Black, Asian and Minority Ethnic researchers at Imperial can now apply for the tailored development programme.
The programme sets Imperial apart as a leader in this field Imperial As One co-Chairs
Run last year as a pilot, the programme has now received ongoing funding from Imperial’s Equality, Diversity and Inclusion Centre. Applications are now open for the programme’s second cohort.
The Imperial As One Media Academy provides expert training and development across a range of subjects, to equip attendees with the knowledge and skills to confidently and professionally communicate their work and status as experts in their field. It was founded to improve the diversity of Imperial staff and researchers appearing in the media and wider public sphere.
The programme includes five sessions:
- Media training for journalist interviews
- Social media
- Powerful words and publishing
- Video and audio
- Public affairs and policy.
Co-chairs of Imperial As One, Des Samuel, Dr Sarah Essilfie-Quaye and Dr Wayne Mitchell said: “The Imperial As One Media Academy delivers expert training and development across a range of subjects to equip attendees with the knowledge and skills to professionally communicate their work and status as experts.
"This comprehensive training programme was developed to give confidence to attendees, resulting in a more diverse representation of researchers in STEMM and Business and sets Imperial apart as a leader in this field.”
Below we hear from three of last year’s participants.
Dr Catherine Kibirige, Research Associate, Department of Infectious Disease
I've created a new test to quantify HIV in the blood. Currently, to monitor if anti-retroviral treatment is working, you have to do a viral load test. These tests are expensive and not accessible to most people in developing countries. There has been a surge in drug resistance because people are not monitoring their treatment, which is a big public health concern.
I am proposing a new, easier, cheaper way of treatment monitoring using my test. It is sensitive and precise, but also has a long shelf life and could work in remote locations.
Previously I found it difficult to explain what differentiates my test from the ones that are already available. I had a meeting with potential funders where I struggled to communicate what the assay does and the problem that it’s solving. The Media Academy helped me to explain my research to a lay audience in a short and succinct way.
As scientists we can get tunnel vision – we work on our specific project for such a long time, and we’re used to speaking to other scientists. It can be difficult to go out and talk to a lay audience and create a story that’s engaging. The programme gave me the confidence to do this, which is important to get my research out there, and also for my career – lots of fellowship applications look for evidence of engagement, as they want people who can be ambassadors.
After the programme I was featured on the Imperial podcast, and I also wrote a blog post about my work. These generated a lot of interest from potential collaborators, including partners who might be able to help me field test my assay.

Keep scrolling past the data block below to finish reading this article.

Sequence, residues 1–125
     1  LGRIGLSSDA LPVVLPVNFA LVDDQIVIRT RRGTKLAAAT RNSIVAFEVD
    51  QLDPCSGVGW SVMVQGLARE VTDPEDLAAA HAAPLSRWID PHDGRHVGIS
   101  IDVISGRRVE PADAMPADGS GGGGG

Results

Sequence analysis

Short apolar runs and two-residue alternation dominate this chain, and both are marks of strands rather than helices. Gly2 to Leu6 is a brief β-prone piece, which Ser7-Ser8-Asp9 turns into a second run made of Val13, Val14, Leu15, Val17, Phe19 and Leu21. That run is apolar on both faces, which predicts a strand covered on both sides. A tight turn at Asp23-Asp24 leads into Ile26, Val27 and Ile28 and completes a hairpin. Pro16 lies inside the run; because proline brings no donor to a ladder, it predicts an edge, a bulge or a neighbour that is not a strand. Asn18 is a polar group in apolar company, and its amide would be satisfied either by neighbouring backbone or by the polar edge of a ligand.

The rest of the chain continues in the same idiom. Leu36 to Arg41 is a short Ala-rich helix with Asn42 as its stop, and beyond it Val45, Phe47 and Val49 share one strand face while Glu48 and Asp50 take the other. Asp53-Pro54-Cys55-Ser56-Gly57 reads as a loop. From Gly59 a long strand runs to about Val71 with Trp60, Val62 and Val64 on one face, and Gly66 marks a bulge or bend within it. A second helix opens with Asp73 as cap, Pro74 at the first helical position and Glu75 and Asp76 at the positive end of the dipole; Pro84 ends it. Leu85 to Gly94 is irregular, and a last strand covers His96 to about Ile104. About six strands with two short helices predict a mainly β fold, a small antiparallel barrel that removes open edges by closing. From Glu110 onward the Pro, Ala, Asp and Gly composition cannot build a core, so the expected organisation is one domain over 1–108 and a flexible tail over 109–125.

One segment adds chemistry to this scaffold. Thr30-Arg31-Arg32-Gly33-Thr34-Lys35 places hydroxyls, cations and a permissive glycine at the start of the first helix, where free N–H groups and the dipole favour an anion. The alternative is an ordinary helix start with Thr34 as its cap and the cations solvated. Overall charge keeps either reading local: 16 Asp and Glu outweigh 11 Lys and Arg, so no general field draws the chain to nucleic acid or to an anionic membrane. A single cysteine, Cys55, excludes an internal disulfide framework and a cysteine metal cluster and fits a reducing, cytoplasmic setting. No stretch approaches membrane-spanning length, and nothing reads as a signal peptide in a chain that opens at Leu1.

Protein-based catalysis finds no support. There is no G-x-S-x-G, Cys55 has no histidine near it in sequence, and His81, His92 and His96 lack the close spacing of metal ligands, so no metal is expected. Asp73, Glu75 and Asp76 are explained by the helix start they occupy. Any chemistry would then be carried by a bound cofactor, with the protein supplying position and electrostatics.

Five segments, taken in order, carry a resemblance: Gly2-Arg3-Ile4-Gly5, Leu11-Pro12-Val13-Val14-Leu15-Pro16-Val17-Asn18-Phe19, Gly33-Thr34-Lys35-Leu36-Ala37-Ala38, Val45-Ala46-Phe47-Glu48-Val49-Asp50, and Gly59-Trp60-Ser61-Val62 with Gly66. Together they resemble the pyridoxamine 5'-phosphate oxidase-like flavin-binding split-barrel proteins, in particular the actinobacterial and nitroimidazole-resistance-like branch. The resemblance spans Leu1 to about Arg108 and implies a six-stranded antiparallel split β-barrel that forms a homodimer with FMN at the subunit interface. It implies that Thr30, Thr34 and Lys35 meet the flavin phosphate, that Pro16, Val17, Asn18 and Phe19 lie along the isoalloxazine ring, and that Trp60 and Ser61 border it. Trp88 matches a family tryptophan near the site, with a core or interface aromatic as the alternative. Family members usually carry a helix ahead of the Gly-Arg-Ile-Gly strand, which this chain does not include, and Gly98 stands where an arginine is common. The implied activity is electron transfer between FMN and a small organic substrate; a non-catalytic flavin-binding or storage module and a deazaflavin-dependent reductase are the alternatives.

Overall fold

Dr Anirudh Kulkarni, Research Associate, Department of Bioengineering
I work in computational neuroscience – using computer models to try to understand the brain. More specifically, I'm trying to understand how seeing and hearing work together in the early stages of the brain.
I decided to apply for the Media Academy because I’m very interested in public engagement and how we can communicate science to the public.
I thought it was a really wonderful programme. Some aspects of engagement and media work can seem daunting and complicated, but learning about them gave me more confidence. I feel I have the building blocks now.
Dr Jing Pang, Industry Partnerships & Commercialisation Executive (FoE), Enterprise
I explore potential research partnerships and commercialization of Imperial technology with companies.
Social media and engagement can help us find the right partners, get Imperial's research out there, and generate impact.
The workshops were really well designed – at some sessions, you’d not only hear from an expert trainer, but also an Imperial staff member sharing their experiences and showing us what was possible in promoting science and technology.
The biggest impact for me has been the discussions I've had with my team, feeding back what I've learned and applying it to our presentations to partners.
I would definitely encourage people to do the course.
This year's Media Academy is being organised by a diverse committee from across different teams:
- Hayley Dunning, Media Manager (Natural Sciences), Communications Division
- Dr Sarah Essilfie-Quaye, Imperial As One Co-Chair and Equality, Diversity and Inclusion Research Fellow, Faculty of Medicine
- Al McCartney, Communications Manager, Faculty of Medicine
- Dr Wayne Mitchell, Imperial As One Co-Chair and Senior Teaching Fellow, Department of Immunology and Inflammation
- Maxine Myers, AHSC Communications Manager, Communications Division
- Des Samuel, Imperial As One Co-Chair and Head of Digital Communications Services, Faculty of Medicine.
Article text (excluding photos or graphics) © Imperial College London.
Photos and graphics subject to third party copyright used with permission or © Imperial College London.
Leave a comment
Your comment may be published, displaying your name as you provide it, unless you request otherwise. Your contact details will never be published.